esteem and admiration for their skill and bravery exhibited in this action. Receiving information that the enemy were being heavily reinforced, I went forward with the regiment composed of companies of the One Hundred and Forty-fourth and One Hundred and Forty-ninth Ohio National Guard, commanded by Colonel Brown, who took possession of the enemy's deserted lines soon after daylight Friday morning. The most of Friday was spent in cavalry skirmishing with the enemy under the personal direction of Lieutenant-Colonel Clendenin, and was very efficiently done. I continued to receive reports during the day of the increasing strength of the enemy, which was communicated to the Commanding General, who directed me to fall back on Monocacy Junction, which was successfully done during the night, leaving the One Hundred and Forty-ninth Ohio National Guard to hold the stone bridge across the Monocacy on the National or Baltimore pike. Saturday morning found us in line of battle, my command forming the right of the line, my left resting on the Baltimore and Ohio railroad, and connecting with General Ricketts, the One Hundred and Forty-ninth Ohio National Guard and three companies of the One Hundred and Forty-fourth Ohio National Guard holding the extreme right; Colonel Gilpin's Third regiment Potomac Home Brigade, Maryland Volunteers, and three companies of the First Maryland Potomac Home Brigade, under Captain Bamford, extending along the base of the hill, holding the ford between the stone bridge and junction; and the Eleventh Maryland, Colonel Landstreet, completing my line. The enemy appeared directly in my front about nine o'clock A. M., and opened on us with artillery, and attacked in considerable force our skirmish line, formed on the west bank of the Monocacy, and composed of the troops of the First Maryland Potomac Home Brigade, under command of Captain Brown, three guns of Captain Alexander's battery (three having been sent to General Ricketts), and a twenty-Four-pound howitzer soon checked their advancing fines, and the action in my front, with the exception of sharpshooters' and skirmish firing, was an artillery fight. This at times was quite spirited, continuing until near the lose of the action — we maintaining our position without serious loss. The conduct of Captain Brown, of the First Maryland, Potomac Home Brigade, and his command, merit special notice; they successfully maintained their skirmish line against a superior force, to the close, and resisted several charges of the enemy. Captain Alexander, with his officers and men, behaved in the most gallant manner, serving their guns with great coolness and effect. I desire particularly to call the Commanding General's attention to their conduct during the three days we were in front of the enemy. The Hundred and Forty-ninth Ohio, and three companies of the Hundred and Forty-fourth Ohio National Guard, under Colonel Brown, considering their inexperience, behaved well, successfully resisting several charges of the enemy. Colonel Gilpin's regiment, with the three companies of the First Maryland, Potomac Home Brigade, that were assigned him, although serving in detachments along an extended line, fully sustained the enviable reputation they had won on Thursday. The Eleventh Maryland was not brought into action, but were exposed for a time to the artillery fire of the enemy. The cavalry was placed under the direction of Lieutenant-Colonel Clendenin, who will furnish a separate report, and I would very respectfully call the attention of the Major-General to this gallant and valuable officer, and the officers and men serving under him. They certainly acquitted themselves with great credit. A force of the enemy's cavalry came down upon me while on the right of the line near the stone bridge, and forced me, Captain Webb and Lieutenant Goldsborough of my staff, into the woods, surrounding us, and by their persistent watchfulness, prevented our following the column for nearly three days. To the officers of my staff, Captain W. H Wiegel, Captain F. J. D. Webb, and Lieutenants Goldsborough, George W. Startzman and R. E. Smith, I am greatly indebted for their untiring efforts and energy during the whole movement. Captain Weigle, in the heat of the engagement, took command of the twenty-four-pounder howitzer on the bank of the river, serving it with marked courage and ability, and with telling effect upon the enemy. His conduct must have been observed by the Commanding General. I send you herewith a list of the casualties as far as we are able to obtain them at this time. Very respectfully submitted,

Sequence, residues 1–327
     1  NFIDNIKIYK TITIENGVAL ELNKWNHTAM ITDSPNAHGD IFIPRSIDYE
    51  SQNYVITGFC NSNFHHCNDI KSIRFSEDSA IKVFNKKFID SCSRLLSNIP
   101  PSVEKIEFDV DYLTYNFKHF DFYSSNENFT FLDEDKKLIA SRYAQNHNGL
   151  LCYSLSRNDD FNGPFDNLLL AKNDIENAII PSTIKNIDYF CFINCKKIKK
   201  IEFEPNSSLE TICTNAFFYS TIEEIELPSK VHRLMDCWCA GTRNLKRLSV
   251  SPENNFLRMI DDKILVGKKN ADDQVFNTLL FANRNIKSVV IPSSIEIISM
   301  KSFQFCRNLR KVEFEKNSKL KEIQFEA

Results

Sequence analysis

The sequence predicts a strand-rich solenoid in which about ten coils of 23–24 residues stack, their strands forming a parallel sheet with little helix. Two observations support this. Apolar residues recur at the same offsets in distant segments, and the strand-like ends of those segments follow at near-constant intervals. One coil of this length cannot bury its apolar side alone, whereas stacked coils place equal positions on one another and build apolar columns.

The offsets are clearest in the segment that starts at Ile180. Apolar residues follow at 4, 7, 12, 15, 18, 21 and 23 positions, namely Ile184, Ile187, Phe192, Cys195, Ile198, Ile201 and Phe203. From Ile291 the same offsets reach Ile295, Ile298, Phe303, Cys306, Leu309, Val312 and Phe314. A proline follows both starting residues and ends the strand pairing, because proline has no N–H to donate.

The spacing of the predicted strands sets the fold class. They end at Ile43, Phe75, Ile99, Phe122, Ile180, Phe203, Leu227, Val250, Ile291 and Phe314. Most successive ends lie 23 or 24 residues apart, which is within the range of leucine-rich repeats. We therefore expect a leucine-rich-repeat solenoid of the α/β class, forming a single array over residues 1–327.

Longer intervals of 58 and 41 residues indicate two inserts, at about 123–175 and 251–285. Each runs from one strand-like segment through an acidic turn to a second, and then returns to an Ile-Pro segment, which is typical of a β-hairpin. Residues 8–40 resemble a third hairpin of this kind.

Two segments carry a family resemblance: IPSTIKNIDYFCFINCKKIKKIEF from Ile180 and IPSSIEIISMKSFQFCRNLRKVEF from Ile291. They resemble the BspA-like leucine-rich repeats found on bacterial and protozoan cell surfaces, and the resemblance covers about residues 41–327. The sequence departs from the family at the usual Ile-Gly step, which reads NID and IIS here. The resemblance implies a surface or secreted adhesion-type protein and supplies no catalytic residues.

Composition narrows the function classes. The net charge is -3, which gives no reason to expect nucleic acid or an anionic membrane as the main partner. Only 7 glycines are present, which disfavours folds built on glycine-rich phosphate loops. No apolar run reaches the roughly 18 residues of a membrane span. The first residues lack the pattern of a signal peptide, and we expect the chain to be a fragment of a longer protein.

Report of Lieutenant-Colonel Clendenin.
Washington, D. C., July fourth, at seven o'clock P. M. with two hundred and thirty officers and men of the Eighth regiment Illinois cavalry, and arrived at Point of Rocks at two o clock P. M., July fifth, where I found Moseby with two pieces of artillery and about two hundred men posted on the south bank of the Potomac. Dismounting one half of my command, I skirmished with him for an hour and a half, killing one of his men, and wounding two others, when he retired down the river. He fired but six shots from his artillery. I lost no men. Hearing that he was crossing at Nolan's Ferry, I moved down and drove him back about ten o'clock P. M., and went into camp for three hours;